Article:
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LG boss issues apology over fatal accidents

By Kim Yoo-chul

LG Chairman Koo Kwang-mo has issued a public apology for two fatal accidents that occurred in India and South Korea, and ordered the group's top management to make "thorough safety checks" at domestic and overseas manufacturing facilities operated by LG Group affiliates.

"I am expressing my deepest condolences and sincere apology over the fatal accidents in India and South Korea and those who were affected including the families. Also, I offer my heartfelt apology to a lot of people because of the incidents," Koo told senior group executives on the sidelines of a hurriedly arranged visit to LG Chem's catalyst plant in the southwestern city of Seosan.

LG Chairman Koo Kwang-mo
LG Chairman Koo Kwang-mo
Accompanied by LG Chem CEO Shin Hak-chul and other senior group executives, Koo used the group-owned helicopter to visit the plant following a fire there Tuesday that left one worker dead and two injured.

"LG's top management should be held accountable for the latest safety-oriented incidents. We have to go back to the basic idea that safety is the group's priority. Group management is urgently asked to prepare fundamental measures from scratch," the chairman told them using "a stronger tone," according to a statement issued by LG.

"I just want to clarify if a company doesn't comply with in-house risk assessment procedures or fails to manage risk factors relating to the safety of employees at its facilities, then that company will collapse. Chief executives should be well aware of the importance of managing facilities safely. Again, maintaining a safe environment at workplaces and facilities should be the top priority," Koo said.

At least 11 people died and hundreds were hospitalized with breathing and eye problems after gas leaked from an LG Chem-operated polymer manufacturing plant in Visakhapatnam, India. After the incident, LG Chem issued a public apology to the deceased and their family members vowing to fully cooperate with the Indian authorities' investigation into "the exact cause of the incident." LG Chem sent a senior executive and response team to India.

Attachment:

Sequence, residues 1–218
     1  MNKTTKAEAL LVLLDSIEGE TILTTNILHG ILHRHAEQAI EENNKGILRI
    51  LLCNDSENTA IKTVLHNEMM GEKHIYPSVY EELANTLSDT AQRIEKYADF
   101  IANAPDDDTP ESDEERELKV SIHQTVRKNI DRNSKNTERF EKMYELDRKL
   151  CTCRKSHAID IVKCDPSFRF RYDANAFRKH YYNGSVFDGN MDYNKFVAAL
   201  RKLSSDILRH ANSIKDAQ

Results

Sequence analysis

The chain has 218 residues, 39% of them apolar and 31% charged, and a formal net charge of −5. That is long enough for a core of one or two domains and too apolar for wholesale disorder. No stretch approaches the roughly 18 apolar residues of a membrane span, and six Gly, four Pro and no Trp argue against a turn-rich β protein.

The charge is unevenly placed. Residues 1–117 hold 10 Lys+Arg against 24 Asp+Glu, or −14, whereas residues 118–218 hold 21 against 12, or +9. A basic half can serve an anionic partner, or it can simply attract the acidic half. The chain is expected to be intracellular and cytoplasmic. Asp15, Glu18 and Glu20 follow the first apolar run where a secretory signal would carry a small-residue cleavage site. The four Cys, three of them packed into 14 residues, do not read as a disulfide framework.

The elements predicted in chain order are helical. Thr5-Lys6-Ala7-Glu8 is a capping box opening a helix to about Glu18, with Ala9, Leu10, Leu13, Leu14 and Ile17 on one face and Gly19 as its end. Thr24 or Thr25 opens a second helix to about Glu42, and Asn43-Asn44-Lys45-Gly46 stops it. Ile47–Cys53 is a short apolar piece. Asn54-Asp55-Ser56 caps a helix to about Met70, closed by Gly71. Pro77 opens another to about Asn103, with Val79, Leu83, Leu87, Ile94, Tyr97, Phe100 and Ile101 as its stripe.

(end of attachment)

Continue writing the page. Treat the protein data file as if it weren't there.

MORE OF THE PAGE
A few days after the Indian incident, one worker died at LG's domestic petrochemical plant. LG Chem later said the main cause of the fire here was "likely" to be the spontaneous ignition of powder at its Seosan plant stressing it was linking up with the local authorities to look into the matter.


By Kim Yoo-chul

LG Chairman Koo Kwang-mo has issued a public apology for two fatal accidents that occurred in India and South Korea, and ordered the group's top management to make "thorough safety checks" at domestic and overseas manufacturing facilities operated by LG Group affiliates.

"I am expressing my deepest condolences and sincere apology over the fatal accidents in India and South Korea and those who were affected including the families. Also, I offer my heartfelt apology to a lot of people because of the incidents," Koo told senior group executives on the sidelines of a hurriedly arranged visit to LG Chem's catalyst plant in the southwestern city of Seosan.

LG Chairman Koo Kwang-mo
LG Chairman Koo Kwang-mo
Accompanied by LG Chem CEO Shin Hak-chul and other senior group executives, Koo used the group-owned helicopter to visit the plant following a fire there Tuesday that left one worker dead and two injured.

"LG's top management should be held accountable for the latest safety-oriented incidents. We have to go back to the basic idea that safety is the group's priority. Group management is urgently asked to prepare fundamental measures from scratch," the chairman told them using "a stronger tone," according to a statement issued by LG.

"I just want to clarify if a company doesn't comply with in-house risk assessment procedures or fails to manage risk factors relating to the safety of employees at its facilities, then that company will collapse. Chief executives should be well aware of the importance of managing facilities safely. Again, maintaining a safe environment at workplaces and facilities should be the top priority," Koo said.

At least 11 people died and hundreds were hospitalized with breathing and eye problems after gas leaked from an LG Chem-operated polymer manufacturing plant in Visakhapatnam, India. After the incident, LG Chem issued a public apology to the deceased and their family members vowing to fully cooperate with the Indian authorities' investigation into "the exact cause of the incident." LG Chem sent a senior executive and response team to India.

A few days after the Indian incident, one worker died at LG's domestic petrochemical plant. LG Chem later said the main cause of the fire here was "likely" to be the spontaneous ignition of powder at its Seosan plant stressing it was linking up with the local authorities to look into the matter.


Kim Yoo-chul yckim@koreatimes.co.kr


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